Driver: SF’s online experience is the first one in a sandbox game that has hooked me for hours on end. I love the use of practice races to set up starting positions in other races, which like the main game can be either on set tracks or more open. The classic schoolyard game of tag, only with super cars, is incredible, especially with the shift feature allowing you to easily move ahead if you take one bad turn, or just get screwed over by another player. If that happens, you’ll be overjoyed when you get your revenge and tag him. You can also either chase racers or be chased by the cops, just like the main game, and it’s a blast here. Again, the shift feature completely changes things up, so if you’re used to this kind of thing from NFS: Hot Pursuit, there’s something new to experience here even if you think you’re sick of that concept. My online experience was a joy too - no lag during the races, even with everyone shifting all over the place.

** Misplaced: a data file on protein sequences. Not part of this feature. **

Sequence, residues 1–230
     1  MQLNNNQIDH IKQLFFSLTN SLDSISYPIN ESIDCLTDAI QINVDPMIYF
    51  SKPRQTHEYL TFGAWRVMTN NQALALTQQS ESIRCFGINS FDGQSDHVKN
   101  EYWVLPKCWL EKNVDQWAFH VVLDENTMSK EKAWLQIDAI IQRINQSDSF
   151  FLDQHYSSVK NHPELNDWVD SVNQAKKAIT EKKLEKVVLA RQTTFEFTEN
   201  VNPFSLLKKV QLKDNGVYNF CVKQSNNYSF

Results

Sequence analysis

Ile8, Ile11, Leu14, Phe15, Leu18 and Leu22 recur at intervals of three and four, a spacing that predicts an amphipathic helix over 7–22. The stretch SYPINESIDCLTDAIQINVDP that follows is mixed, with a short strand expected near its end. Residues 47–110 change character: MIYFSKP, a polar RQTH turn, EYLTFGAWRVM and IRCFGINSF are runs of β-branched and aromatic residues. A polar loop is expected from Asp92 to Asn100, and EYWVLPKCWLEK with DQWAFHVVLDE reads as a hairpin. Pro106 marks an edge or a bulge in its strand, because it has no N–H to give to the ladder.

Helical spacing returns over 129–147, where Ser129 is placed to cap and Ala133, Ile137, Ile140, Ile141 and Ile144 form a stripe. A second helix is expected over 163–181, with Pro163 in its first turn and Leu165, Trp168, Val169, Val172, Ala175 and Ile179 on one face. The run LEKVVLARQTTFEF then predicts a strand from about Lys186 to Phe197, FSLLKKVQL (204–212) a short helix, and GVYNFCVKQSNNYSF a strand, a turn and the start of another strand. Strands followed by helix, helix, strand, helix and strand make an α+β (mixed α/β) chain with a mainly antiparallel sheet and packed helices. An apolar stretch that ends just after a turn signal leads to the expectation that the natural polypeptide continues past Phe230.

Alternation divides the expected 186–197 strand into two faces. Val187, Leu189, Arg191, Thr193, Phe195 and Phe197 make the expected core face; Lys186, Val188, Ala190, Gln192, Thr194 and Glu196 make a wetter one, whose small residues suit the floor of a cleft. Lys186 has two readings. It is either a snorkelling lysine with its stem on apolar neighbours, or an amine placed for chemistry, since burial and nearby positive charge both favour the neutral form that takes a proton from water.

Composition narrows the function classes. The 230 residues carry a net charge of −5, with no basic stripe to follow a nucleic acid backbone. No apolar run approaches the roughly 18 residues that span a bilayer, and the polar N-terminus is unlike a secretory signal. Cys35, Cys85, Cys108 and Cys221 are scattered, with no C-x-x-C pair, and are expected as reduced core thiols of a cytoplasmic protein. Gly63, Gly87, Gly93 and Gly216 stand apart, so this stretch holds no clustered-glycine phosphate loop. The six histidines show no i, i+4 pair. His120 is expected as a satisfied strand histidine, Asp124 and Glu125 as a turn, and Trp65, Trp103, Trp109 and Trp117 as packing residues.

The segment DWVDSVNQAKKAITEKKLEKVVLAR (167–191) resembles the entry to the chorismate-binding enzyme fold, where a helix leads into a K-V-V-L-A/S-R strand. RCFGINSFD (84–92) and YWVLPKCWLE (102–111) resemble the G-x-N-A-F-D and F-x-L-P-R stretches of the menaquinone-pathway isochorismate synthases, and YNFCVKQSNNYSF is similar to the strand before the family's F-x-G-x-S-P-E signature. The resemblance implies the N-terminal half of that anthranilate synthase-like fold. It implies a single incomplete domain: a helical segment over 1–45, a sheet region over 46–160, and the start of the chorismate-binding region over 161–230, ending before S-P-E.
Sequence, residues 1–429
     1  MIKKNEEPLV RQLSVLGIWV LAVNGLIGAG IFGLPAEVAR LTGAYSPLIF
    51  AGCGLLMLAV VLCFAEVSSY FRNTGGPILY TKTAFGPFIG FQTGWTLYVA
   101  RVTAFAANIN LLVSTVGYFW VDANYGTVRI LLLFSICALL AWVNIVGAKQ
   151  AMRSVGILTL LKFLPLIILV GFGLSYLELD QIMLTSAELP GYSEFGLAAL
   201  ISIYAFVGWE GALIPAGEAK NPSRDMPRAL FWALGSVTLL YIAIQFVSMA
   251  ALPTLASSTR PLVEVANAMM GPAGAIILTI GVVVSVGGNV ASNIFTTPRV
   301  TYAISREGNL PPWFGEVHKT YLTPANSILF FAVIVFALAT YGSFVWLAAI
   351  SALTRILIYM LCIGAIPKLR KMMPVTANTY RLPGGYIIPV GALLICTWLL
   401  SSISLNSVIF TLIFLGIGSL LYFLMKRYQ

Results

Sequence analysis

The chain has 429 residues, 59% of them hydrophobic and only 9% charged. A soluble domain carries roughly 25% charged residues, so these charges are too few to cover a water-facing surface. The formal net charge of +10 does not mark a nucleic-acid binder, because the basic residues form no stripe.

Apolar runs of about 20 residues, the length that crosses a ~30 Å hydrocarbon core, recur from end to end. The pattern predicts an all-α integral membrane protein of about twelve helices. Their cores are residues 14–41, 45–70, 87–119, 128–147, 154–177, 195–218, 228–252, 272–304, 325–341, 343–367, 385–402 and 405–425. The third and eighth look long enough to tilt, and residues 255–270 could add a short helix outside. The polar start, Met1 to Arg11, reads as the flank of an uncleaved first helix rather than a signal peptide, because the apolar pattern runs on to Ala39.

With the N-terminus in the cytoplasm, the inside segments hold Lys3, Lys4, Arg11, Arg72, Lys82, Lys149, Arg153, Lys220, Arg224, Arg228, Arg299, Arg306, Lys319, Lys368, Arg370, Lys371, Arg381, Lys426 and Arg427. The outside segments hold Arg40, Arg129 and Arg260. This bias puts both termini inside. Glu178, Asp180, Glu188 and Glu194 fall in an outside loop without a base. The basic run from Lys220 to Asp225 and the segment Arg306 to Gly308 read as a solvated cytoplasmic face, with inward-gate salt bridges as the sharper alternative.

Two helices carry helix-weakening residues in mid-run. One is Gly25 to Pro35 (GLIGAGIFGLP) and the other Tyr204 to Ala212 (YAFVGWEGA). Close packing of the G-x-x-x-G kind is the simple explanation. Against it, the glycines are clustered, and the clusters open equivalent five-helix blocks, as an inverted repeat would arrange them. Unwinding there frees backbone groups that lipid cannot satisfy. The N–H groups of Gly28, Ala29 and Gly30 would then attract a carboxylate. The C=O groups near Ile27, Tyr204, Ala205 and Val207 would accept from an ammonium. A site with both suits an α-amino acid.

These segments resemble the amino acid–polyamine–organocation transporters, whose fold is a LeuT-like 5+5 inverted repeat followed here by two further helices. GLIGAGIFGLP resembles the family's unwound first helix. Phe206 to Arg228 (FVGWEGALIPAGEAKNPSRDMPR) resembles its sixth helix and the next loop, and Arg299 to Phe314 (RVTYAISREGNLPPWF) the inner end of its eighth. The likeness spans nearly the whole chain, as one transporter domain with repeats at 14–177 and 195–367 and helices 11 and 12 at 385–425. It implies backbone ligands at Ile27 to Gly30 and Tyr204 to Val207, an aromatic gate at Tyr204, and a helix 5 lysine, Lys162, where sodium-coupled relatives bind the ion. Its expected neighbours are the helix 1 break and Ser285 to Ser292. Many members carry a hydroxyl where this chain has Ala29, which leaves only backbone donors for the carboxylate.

The new Google Earth-inspired overhead map is incredible. You can zoom and in out of it at will, and with the spirit system, you can either hop into anyone else’s car around to make things snappy, or just avoid car travel whenever possible and just go from event to event with the maps on-screen cursor, which could stand to have a turbo option at times. However, while doing that will speed your progress up, you won’t be able to earn XP for driving like a lunatic, which is an absolute blast. XP allows you to upgrade some things, buy garages, and also buy vehicles, which are all now licensed.